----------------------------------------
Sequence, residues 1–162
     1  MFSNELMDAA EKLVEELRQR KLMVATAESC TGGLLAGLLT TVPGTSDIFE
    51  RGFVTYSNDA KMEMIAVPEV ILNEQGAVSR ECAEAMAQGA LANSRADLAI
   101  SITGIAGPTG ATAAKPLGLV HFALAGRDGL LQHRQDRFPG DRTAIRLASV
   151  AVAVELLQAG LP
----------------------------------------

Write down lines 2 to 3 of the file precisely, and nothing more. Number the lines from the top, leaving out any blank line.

     1  MFSNELMDAA EKLVEELRQR KLMVATAESC TGGLLAGLLT TVPGTSDIFE
    51  RGFVTYSNDA KMEMIAVPEV ILNEQGAVSR ECAEAMAQGA LANSRADLAI